Provincetown Harbor plays host to numerous working and recreational boats. Photo by Tom Croke

It’s fun to imagine what the hardy band of Puritans who first visited the idyllic natural harbor of Provincetown back in 1620 would have thought of the place these days. What was once a desolate stretch of dunes, scrub oak, poison ivy and pitch pine surrounded by saltwater is now a bustling tourist destination and thriving artist community. Sure, the winter months can be quiet, but summer feels like a cacophonous, never-ending mardi gras, with drag queens patrolling Commercial Street amid noisy throngs of foreign tourists and family vacationers. Numerous restaurants, galleries and boutiques now line the streets, alleys and wharves that were once the sole domain of commercial fishermen and whalers.

Provincetown Chart

 

It’s safe to say that mariners have appreciated P-town long before it became known for its thriving art scene, tourism industry and gay community. The deep natural harbor offers excellent protection from the wind and seas in virtually all directions.

Aerial Map

 

The harbor approaches are deep and free of obstructions, and the inner harbor can easily accommodate large yachts and commercial vessels. Moorings and slips are available via the two marinas — Flyers and Provincetown Marina—along with launch service and dinghy docks. However, be sure to call ahead for reservations, especially during the summer and early fall. Ice, fuel, and repair services are available as well. Transient boaters can also anchor inside the protected arm of Long Point, where they’ll find good holding ground.

Provincetown Chart, detail

 

Read the story Provincetown Fishing

 

Day-trip boating options from P-town include runs to Stellwagen Bank, the southwest tip of which lies a scant 3 miles offshore. Here you can view humpback, minke and finback whales at close range (just be sure to stay 300 feet from the whales, as per federal law). Ocean sunfish, bluefin tuna and basking sharks also gather over the bank to feed during the summer, when the surrounding waters teem with plankton and baitfish. Boaters can also cruise along the Outer Cape beaches, as long as they remain mindful of the sandbars and surf, which can run heavy after a storm or during strong easterly winds. Trips nearby Wellfleet Harbor, to the south, are an option as well.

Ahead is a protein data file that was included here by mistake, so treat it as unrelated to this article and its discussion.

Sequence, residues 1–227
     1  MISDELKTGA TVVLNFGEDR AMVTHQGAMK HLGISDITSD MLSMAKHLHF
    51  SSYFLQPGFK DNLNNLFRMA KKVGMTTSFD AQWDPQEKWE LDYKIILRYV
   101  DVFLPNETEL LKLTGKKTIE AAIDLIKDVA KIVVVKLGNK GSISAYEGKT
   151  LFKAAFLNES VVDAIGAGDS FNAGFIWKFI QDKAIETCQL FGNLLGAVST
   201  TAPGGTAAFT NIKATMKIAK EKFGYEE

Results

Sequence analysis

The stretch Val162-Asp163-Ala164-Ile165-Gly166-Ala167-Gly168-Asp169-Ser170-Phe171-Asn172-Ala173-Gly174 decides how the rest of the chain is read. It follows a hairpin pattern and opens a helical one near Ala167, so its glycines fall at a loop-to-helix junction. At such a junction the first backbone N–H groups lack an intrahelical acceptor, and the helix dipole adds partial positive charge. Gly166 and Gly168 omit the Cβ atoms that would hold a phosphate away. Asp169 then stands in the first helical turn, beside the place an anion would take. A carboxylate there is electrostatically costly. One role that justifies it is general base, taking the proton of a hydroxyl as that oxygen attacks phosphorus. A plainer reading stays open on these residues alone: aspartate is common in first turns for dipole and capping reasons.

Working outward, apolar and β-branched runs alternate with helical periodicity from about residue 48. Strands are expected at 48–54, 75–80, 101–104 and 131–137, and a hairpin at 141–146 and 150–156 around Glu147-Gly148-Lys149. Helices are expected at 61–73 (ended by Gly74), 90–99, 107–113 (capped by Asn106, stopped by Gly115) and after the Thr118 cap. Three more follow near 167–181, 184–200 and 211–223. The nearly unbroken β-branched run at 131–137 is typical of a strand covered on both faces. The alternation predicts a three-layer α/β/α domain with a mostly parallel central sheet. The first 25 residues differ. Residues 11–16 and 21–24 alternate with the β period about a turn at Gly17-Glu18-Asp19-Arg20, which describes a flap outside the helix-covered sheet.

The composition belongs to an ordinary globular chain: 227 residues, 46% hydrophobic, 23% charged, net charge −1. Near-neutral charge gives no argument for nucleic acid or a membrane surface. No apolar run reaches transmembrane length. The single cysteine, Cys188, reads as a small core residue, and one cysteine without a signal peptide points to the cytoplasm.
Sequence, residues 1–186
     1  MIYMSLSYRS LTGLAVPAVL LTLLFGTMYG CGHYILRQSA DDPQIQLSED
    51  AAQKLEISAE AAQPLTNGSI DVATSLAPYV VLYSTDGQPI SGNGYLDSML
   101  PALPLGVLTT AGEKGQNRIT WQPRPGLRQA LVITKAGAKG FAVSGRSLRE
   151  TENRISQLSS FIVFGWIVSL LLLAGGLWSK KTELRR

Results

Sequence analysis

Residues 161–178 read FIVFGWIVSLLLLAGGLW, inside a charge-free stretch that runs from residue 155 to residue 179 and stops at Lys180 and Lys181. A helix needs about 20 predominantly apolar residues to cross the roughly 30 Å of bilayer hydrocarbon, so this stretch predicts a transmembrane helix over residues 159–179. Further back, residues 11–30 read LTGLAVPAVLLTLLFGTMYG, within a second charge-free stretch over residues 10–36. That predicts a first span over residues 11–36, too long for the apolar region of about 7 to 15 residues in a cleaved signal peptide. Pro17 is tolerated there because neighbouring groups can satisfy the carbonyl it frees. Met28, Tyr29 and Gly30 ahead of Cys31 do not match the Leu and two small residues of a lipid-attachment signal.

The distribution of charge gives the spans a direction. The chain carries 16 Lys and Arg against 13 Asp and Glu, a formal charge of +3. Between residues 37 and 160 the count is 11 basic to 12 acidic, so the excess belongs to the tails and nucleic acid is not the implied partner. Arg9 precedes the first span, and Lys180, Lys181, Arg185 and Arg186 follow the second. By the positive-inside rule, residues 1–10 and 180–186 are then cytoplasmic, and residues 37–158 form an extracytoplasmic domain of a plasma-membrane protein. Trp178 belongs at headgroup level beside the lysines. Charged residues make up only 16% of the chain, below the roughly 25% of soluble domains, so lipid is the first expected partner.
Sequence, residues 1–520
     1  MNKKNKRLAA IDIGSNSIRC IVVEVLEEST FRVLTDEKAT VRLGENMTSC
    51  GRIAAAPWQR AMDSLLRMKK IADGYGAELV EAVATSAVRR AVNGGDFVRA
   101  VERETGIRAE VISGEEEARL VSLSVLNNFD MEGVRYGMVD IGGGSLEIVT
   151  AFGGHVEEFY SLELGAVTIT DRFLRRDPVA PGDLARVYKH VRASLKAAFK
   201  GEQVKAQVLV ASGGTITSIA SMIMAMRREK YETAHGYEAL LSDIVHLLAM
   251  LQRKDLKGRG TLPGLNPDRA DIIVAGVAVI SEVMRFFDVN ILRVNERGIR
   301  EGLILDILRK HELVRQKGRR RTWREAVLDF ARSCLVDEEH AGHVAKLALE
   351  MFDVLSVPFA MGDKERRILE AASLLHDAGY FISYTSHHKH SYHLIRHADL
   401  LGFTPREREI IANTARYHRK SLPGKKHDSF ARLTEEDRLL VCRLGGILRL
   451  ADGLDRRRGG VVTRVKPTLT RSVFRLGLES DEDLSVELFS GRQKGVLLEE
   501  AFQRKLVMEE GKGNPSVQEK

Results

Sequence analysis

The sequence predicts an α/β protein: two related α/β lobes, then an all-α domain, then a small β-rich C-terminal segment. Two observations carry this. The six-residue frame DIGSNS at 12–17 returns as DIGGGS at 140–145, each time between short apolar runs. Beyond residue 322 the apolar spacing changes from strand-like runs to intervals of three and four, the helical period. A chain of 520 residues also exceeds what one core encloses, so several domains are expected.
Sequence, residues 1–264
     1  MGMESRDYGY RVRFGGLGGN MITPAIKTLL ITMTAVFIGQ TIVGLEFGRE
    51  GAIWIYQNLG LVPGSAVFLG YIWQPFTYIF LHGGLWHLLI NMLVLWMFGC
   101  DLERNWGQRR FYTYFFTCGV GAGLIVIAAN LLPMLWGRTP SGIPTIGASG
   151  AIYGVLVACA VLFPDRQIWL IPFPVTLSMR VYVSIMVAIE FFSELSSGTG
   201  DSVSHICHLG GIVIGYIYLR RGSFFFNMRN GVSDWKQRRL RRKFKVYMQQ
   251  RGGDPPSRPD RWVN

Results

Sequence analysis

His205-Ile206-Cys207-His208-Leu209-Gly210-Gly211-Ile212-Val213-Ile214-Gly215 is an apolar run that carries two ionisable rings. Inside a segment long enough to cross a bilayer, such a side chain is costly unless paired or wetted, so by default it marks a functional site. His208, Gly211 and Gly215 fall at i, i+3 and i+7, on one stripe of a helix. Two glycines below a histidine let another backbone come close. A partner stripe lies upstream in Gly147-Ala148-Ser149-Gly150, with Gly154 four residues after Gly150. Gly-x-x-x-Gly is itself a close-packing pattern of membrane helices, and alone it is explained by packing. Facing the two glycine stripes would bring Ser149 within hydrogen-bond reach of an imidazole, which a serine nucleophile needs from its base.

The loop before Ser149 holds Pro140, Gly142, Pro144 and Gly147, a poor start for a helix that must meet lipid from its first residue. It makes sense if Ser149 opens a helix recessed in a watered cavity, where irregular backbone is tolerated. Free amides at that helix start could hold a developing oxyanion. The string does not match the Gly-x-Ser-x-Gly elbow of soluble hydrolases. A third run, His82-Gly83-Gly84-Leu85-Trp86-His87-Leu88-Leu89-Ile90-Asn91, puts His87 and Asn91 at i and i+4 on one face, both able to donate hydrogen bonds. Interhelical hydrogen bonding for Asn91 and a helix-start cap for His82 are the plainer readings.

Nightlife abounds in town, with numerous cabaret performances each night during the summer and fall.
The Lobster Pot is a Provincetown institution on Commercial Street. Photo byTom Croke

 

Of course, shoreside activities and events abound in P-town. You can climb to the top of the 252-foot-tall Pilgrim Monument (built in 1910), also home to the Provincetown Museum, for a spectacular view of the Cape and surrounding waters. If you like eclectic stores, be sure to stop in at Marine Specialties, a P-town institution selling everything from mooring balls to fishnet stockings and located in an old fishing-net shop in the heart of Commercial Street.

A bicyclist makes his way around Provincetown. Photo by Tom Croke

 

The athletically inclined can rent a bike and ride through the towering dunes and pitch pine forests just outside town, or visit one of the former lifesaving stations along the Outer Cape, such as the one at Race Point Light. If you like to walk, you can hike along the West End breakwater (actually a long stone dike), which was built in 1911 by the Army Corps of Engineers. Cruises of the harbor are available through several companies, but kids will love the pirate ship cruises aboard Pirate Adventures. Nightlife abounds in town, with numerous cabaret performances each night during the summer and fall.

Speaking of fall, September and early October may be the best time to travel by boat to P-town. The harbor is less crowded, and you’re more likely to find a mooring or slip on short notice. Also, the throngs of tourists will have ebbed, leaving you more room to explore the town. Lastly, early autumn weather can be fantastic in this part of New England.

The docks in Provincetown are home to many commercial vessels. Photo by Tom Croke
Kayaks for rent line the beach. Photo by Tom Croke